"Over the years, we learned that being prepared to declare bankruptcy is actually the best way to fight a malpractice claim. We believe that plaintiff attorneys are primarily motivated by their ability to get awards for their clients, and thus be compensated through the contingency system. It can be very effective in some cases to argue the financial reality of a case rather than the medical merits."

however, keep in mind that the above situation only deals with physicians who decide to go "bare". But discuss this with a lawyer, a financial consultant/advisor, or other appropriate professionals to get the best advice.

Anyway, that's my $0.02

Group_theory
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Kalel said:
Historically, medical malpractice settlements that exceed your malpractice insurance coverage have not resulted in plantiff lawyer's going after physician's personal assets. I've heard that they do have the right to seize your personal assets if they choose to (since they are civil lawsuits filed against you personally), but it's almost never done just because of precendence and tradition.
You're right that it generally doesn't happen often. However, do you really want to be at the mercy of a lawyer to "do the right thing?" Also, lawyers can use a doctor's personal assests as a threat to force a huge out of court settlement. For example, John Edwards made lots of money by telling doctors that if they didn't settle out of court for the maximum amount their insurance would cover, he'd go after every single personal asset they owned.
 

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group_theory said:
In this day and age where roughly half of all marriages end up in divorce court, you must sign a pre-nup. There is no good excuse not to. It might not be romantic, but it is something that you and your SO have to confront.

Anyway, I remember reading from "Medical Economics" that the worst fear of a plantiff's lawyer is when the physician/defendant declares bankruptcy. Now I am just a med student, not a lawyer or a businessman or financial advisor.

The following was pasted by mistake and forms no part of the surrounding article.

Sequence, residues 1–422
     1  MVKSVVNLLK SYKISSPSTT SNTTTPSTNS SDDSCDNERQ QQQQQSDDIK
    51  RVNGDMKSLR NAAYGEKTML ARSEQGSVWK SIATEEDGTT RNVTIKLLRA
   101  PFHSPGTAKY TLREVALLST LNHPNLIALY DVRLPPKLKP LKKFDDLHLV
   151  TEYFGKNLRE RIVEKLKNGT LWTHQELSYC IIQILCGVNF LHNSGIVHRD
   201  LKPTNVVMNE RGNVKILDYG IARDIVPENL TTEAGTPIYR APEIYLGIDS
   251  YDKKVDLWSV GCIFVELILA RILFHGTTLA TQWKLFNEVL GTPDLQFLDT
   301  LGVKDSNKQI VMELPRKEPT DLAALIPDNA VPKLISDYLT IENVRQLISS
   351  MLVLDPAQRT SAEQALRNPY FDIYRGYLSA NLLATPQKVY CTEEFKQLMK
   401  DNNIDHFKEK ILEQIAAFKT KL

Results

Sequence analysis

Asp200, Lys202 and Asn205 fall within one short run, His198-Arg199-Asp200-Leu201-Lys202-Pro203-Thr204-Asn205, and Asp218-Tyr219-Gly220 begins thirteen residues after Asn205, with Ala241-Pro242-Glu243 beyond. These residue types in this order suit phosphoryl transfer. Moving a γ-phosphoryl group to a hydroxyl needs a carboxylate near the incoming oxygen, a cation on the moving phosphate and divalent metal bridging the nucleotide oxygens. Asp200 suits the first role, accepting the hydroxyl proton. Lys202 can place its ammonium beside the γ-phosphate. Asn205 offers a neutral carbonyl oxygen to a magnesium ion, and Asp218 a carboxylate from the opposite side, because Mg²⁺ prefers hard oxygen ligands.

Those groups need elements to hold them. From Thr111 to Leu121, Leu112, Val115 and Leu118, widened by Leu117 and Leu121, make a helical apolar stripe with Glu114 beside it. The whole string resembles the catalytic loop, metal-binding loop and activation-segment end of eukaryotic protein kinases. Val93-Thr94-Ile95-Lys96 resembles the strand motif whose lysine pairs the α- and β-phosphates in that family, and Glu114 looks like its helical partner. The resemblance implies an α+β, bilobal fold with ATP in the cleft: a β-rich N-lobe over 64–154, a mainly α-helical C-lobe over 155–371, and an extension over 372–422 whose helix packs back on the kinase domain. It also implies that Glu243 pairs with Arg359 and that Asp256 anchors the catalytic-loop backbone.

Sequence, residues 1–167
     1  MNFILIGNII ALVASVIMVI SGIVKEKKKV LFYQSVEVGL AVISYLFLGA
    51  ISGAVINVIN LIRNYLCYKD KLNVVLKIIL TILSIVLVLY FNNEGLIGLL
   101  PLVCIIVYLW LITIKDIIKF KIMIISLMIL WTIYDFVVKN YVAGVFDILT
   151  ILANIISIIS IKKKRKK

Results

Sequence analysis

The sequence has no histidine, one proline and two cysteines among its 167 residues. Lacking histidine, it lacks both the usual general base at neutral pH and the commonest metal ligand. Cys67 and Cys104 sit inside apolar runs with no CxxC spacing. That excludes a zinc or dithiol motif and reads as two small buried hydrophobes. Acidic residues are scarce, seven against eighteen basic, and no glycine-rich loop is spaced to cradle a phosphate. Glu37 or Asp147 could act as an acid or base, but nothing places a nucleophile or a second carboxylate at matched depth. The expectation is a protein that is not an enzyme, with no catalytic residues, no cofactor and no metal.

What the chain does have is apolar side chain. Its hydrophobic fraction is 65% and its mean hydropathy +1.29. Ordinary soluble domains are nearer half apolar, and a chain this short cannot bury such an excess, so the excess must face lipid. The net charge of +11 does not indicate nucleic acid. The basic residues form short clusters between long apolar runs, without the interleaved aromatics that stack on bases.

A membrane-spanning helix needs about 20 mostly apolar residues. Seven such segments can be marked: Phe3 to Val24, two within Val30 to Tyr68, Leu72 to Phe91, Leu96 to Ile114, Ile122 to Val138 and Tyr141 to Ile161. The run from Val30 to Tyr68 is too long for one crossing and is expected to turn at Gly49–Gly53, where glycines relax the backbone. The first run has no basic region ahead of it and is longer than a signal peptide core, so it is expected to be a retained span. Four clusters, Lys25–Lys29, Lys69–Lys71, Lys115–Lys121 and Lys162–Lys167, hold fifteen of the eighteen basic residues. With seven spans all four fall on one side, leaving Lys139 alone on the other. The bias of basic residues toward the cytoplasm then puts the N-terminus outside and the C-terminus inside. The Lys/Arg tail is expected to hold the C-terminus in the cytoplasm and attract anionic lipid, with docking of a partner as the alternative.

http://www.singerxenos.com/new/singerxenos/newsletter.asp?storyid=1612926312

Some selected quotes from the above website

"some doctors found it beneficial to declare voluntary bankruptcy. Contrary to popular belief, bankruptcy is not a dirty word, but rather a process in which the physician can retain all their protected assets and have their malpractice judgments discharged. It essentially wipes the slate clean. Unlike a malpractice case, which takes 4-6 years and is psychologically grueling for a physician, a voluntary bankruptcy can be completed in 30-60 days. Of course, we always attempt to settle cases without going to bankruptcy. It should be noted that in most cases where doctors went through bankruptcy, the $250,000 financial responsibility was discharged by the court and the physician was able to retain their medical license."

"Over the years, we learned that being prepared to declare bankruptcy is actually the best way to fight a malpractice claim. We believe that plaintiff attorneys are primarily motivated by their ability to get awards for their clients, and thus be compensated through the contingency system. It can be very effective in some cases to argue the financial reality of a case rather than the medical merits."

however, keep in mind that the above situation only deals with physicians who decide to go "bare". But discuss this with a lawyer, a financial consultant/advisor, or other appropriate professionals to get the best advice.

Anyway, that's my $0.02

Group_theory
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I have to say that I disagree 100% on the pre-nup, but the rest of the information is very interesting. Thanks for the link.
 

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Pinky said:
In preparation for the day that the inevitable malpractice suits hit, I was wondering how to protect my future assets (my current assets consist of an old car and ~$500 in cash).

I've thought about hiding liquid assets in my children's bank accounts? Any other suggestions?

Each year, a sales rep from one of the Insuranace or Investment firms always gives a noon lecture on "wealth protection" but I always seem to miss it.
I think you should bury your $500 dollars in a jar and draw up a treasure map so you can find it again. As for the car, park it at a friend's house.
 

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Masonator said:
I think you should bury your $500 dollars in a jar and draw up a treasure map so you can find it again.
HAHAHAHAHA, that even made my dad laugh!
 

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Those of you who actually believe in the power of a pre-nup are smokin' something other dope. Pre-Nups aren't worth the paper they are written on, and can be circumvented by even the dumbest of lawyers (redundant?).